|Publication number||US4230605 A|
|Application number||US 05/969,252|
|Publication date||Oct 28, 1980|
|Filing date||Dec 13, 1978|
|Priority date||Dec 13, 1978|
|Publication number||05969252, 969252, US 4230605 A, US 4230605A, US-A-4230605, US4230605 A, US4230605A|
|Inventors||Arlene D. Connolly, James M. Eshleman, Edgar W. Knaub|
|Original Assignee||Armstrong Cork Company|
|Export Citation||BiBTeX, EndNote, RefMan|
|Patent Citations (10), Referenced by (16), Classifications (17)|
|External Links: USPTO, USPTO Assignment, Espacenet|
1. Field of the Invention
The Field of the Invention generally relates to cleaning solutions applicable for use with vinyl composition floor coverings, such as tile and sheet goods, and, more specifically, relates to a cleaner for use with high gloss, no-wax coatings.
2. Description of the Prior Art
In recent years there has been developed in the resilient flooring industry high performance, high gloss coatings which are designed to give the consumer a resilient flooring product which does not require the conventional wax treatments heretofore commonly associated with resilient flooring products of a vinyl composition. Generally speaking, all that has been required for ordinary maintenance is an occasional cleaning to remove dirt to maintain the high gloss. However, with these new high performance, high gloss coatings, it has been found that when conventional cleaners are utilized, unless particular attention is given to properly rinsing the floor after cleaning, ordinary cleaners can leave a dulling film on floors that can actually trap dirt and make the floor look dull, dirty, and worn out after a relatively short time. An object of this invention is to provide a novel cleaner which leaves no dulling film and which maintains the high gloss without rinsing.
It has now been found that a cleaner composition for use in maintaining the high gloss of a vinyl composition floor covering having a high performance, no-wax coating may be formulated from an aqueous mixture consisting essentially of an aqueous emulsion polymerized alkali-soluble terpolymer having an average molecular weight of about 23,000, the terpolymer being an addition polymer based on about 51% by weight methyl methacrylate, 31% by weight butyl acrylate, and 18% by weight acrylic acid together with a surfactant, which is a mixture of 50% by weight of the reaction product of 1 mole of coconut oil to 2 moles diethanolamine and 50% by weight of the reaction product of 1 mole dodecylbenzenesulfonic acid to 1 mole diethanolamine. Small amounts of solvent are added together with sufficient aqueous ammonia to solubilize the acrylic emulsion polymer. This formulation, when used as a cleaner to restore the high gloss of the high performance, no-wax coating, is simply diluted with water and applied to the floor to remove the dirt and then, without rinsing, dried to yield a film which does not interfere with the high gloss and which has little or no residual effect for trapping dirt particles.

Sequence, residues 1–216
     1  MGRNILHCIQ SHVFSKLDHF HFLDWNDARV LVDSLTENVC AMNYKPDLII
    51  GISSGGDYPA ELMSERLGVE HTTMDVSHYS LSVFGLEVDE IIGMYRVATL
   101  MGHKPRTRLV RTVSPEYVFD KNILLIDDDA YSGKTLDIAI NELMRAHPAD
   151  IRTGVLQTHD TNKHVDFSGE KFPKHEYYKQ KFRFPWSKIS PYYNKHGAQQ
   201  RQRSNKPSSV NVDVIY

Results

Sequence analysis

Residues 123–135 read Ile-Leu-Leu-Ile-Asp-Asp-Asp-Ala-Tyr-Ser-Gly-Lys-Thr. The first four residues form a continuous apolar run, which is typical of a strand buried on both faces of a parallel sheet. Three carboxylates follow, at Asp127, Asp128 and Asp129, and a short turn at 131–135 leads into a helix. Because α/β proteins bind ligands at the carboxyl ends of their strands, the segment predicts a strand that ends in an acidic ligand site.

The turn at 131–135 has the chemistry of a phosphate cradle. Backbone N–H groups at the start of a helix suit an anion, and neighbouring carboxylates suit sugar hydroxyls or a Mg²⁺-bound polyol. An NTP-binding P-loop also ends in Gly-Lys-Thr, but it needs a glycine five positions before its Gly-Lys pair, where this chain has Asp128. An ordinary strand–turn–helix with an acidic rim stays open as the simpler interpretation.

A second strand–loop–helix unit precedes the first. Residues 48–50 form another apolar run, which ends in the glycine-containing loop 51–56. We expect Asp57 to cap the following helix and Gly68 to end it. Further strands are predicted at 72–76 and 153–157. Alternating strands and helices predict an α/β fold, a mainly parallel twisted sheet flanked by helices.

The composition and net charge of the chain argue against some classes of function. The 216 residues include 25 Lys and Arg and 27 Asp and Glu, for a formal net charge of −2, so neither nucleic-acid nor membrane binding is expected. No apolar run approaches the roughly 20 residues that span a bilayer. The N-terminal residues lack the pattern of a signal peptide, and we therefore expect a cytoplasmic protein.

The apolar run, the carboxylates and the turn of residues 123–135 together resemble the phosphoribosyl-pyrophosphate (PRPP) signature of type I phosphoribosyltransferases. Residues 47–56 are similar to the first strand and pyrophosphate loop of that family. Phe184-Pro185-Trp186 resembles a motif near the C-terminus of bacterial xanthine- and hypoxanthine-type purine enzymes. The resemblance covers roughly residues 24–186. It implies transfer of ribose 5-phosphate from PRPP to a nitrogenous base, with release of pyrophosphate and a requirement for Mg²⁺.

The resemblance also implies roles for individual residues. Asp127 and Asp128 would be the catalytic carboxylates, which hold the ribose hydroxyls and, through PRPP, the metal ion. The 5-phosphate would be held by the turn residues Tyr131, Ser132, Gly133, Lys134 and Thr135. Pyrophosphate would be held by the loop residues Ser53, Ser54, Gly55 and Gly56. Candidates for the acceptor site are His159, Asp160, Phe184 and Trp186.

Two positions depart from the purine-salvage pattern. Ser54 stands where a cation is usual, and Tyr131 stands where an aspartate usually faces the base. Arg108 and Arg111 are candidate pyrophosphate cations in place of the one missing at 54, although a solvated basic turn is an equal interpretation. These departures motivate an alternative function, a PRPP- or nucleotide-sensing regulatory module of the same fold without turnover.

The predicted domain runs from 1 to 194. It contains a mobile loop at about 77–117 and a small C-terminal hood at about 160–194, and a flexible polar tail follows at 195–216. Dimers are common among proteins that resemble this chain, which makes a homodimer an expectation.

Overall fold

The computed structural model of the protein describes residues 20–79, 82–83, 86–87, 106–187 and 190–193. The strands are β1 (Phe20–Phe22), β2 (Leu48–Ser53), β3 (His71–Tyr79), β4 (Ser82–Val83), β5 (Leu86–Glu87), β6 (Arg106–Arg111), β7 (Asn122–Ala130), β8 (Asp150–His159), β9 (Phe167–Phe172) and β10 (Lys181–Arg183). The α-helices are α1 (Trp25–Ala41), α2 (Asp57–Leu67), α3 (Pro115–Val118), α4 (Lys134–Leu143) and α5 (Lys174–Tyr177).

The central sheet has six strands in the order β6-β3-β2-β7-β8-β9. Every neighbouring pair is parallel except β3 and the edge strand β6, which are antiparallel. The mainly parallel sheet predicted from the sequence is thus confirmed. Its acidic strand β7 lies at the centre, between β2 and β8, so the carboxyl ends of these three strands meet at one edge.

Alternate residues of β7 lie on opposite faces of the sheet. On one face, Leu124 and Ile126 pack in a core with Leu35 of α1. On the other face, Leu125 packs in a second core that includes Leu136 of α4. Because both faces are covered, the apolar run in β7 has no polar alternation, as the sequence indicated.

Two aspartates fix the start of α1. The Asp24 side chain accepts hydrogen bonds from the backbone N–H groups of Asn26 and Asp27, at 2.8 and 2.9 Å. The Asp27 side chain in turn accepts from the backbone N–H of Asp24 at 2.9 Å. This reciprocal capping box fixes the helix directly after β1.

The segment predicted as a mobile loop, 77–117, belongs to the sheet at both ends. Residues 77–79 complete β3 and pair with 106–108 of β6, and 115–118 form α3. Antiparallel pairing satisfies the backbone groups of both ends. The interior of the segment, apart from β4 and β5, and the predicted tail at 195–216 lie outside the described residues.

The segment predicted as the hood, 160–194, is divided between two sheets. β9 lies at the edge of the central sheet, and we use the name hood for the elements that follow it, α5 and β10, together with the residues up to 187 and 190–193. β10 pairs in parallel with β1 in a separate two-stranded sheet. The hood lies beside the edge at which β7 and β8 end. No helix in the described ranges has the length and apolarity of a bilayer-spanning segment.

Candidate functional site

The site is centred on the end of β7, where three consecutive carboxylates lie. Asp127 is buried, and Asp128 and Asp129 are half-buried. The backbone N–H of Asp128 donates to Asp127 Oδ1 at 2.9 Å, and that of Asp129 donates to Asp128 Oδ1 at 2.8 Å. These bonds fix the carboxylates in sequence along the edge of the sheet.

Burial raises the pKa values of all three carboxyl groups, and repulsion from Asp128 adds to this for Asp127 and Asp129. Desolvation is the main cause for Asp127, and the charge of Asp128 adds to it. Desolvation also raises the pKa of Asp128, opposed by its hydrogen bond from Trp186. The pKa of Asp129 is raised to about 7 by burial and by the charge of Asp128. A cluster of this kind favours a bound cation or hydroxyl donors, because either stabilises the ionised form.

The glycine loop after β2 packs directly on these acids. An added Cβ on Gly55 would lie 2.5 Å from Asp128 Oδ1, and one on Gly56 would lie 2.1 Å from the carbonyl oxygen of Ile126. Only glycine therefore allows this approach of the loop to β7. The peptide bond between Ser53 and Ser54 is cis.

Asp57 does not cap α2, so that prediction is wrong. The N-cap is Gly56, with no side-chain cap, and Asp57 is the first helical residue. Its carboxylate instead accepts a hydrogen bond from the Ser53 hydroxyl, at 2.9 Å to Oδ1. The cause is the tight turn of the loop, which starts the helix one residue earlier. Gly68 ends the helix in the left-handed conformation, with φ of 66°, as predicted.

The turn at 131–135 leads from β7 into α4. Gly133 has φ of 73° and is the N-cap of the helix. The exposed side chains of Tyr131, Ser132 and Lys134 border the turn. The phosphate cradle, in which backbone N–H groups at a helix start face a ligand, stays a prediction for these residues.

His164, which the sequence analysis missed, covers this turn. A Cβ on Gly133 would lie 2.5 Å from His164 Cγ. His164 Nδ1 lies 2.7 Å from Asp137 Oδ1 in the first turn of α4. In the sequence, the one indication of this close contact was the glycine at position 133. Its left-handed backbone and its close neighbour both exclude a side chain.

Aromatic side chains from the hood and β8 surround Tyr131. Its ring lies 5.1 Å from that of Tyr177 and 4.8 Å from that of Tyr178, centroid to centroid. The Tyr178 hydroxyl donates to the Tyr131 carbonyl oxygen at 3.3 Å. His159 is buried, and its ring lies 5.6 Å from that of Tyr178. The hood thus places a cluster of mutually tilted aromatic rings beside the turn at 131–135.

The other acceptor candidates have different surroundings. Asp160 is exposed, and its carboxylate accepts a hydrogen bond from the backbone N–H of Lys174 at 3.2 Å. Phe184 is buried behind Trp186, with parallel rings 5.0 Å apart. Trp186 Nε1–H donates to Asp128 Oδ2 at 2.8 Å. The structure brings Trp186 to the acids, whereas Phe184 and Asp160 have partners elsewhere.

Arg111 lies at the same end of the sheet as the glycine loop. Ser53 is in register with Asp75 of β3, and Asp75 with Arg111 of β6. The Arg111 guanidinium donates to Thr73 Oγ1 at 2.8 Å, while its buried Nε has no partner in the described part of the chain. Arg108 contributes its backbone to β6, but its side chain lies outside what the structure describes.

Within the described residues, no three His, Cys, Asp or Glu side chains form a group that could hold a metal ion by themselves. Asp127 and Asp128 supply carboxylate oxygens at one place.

Conventional vinyl composition resilient floors generally require considerable upkeep to maintain a high gloss, clean surface. Such surfaces have been obtained through the use of conventional polish formulations based on wax and/or resin systems which either dry to yield a film having a high gloss or which, in turn, are buffed to develop high gloss. When such floor products show signs of wear and dirt, the polish compositions are ordinarily stripped with conventional cleaners and the floor then thoroughly rinsed and repolished.
To overcome the maintenance properties associated with conventional vinyl composition resilient floor coverings, the industry has in recent years introduced high gloss, high performance, no-wax coatings which do not require the use of polish compositions, but which only require normal maintenance including periodic cleaning. It has been found, however, that many of the conventional cleaners in the marketplace tend to deposit dull, sometimes greasy, dirt-trapping residues if not completely removed by careful rinsing. These residues tend to trap dirt in traffic areas, and traffic on the soiled surface can make the floor look dull, dirty, and worn out even after a relatively short time.
We have discovered a unique combination of ingredients which, when used in a floor cleaner, results in a floor cleaner that does not require rinsing to give both good appearance and performance to the high gloss, high performance, no-wax products. The cleaner consists essentially of an aqueous emulsion polymerized alkali-soluble terpolymer having an average molecular weight of about 23,000, the terpolymer being an addition polymer based on about 51% by weight methyl methacrylate, 31% by weight butyl acrylate, and 18% by weight acrylic acid together with a surfactant, which is a mixture of 50% by weight of the reaction product of 1 mole of coconut oil to 2 moles diethanolamine and 50% by weight of the reaction product of 1 mole dodecylbenzenesulfonic acid to 1 mole diethanolamine. Preferably, the ratio of the acrylic emulsion polymer to surfactant is 80:20 parts by weight in the cleaner composition, although the desired performance in maintaining gloss and appearance may be achieved at ratios between about 85:15 to 75:25 parts by weight polymer to surfactant.
A solvent is also incorporated into the cleaner composition, and we have found that the solvent preferably utilized is ethylene glycol monobutylether. Its primary function is as a cleaning aid, although it also apparently aids the coalescence of the formula. It is present in the diluted cleaner formulation in from about 0.1 to 1.0 part by weight per 100 parts by weight water.
Ammonia is a necessary component of the cleaner composition, and its primary function is to solubilize the acrylic emulsion polymer, although it also contributes to the cleaning ability of the cleaner. Sufficient ammonia (a 28% aqueous ammonia is conveniently utilized) is added to adjust the pH of the cleaner composition to a minimum of about 8.3 and preferably an optimum pH of approximately 10. Conventional minor ingredients are added such as organic antifoams, dyes for aesthetic purposes, and odorants if desired. Water is added to establish a total solids concentration of approximately 7.1%. Before application the solids level is reduced by adding water to give a percent by weight solids of from about 0.10 to 0.5.